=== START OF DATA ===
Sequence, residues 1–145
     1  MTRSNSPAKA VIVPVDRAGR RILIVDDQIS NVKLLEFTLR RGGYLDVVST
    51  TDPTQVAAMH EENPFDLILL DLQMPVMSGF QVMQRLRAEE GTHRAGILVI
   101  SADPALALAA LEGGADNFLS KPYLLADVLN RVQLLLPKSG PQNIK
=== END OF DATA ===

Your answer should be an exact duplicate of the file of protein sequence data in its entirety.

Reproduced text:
Sequence, residues 1–145
     1  MTRSNSPAKA VIVPVDRAGR RILIVDDQIS NVKLLEFTLR RGGYLDVVST
    51  TDPTQVAAMH EENPFDLILL DLQMPVMSGF QVMQRLRAEE GTHRAGILVI
   101  SADPALALAA LEGGADNFLS KPYLLADVLN RVQLLLPKSG PQNIK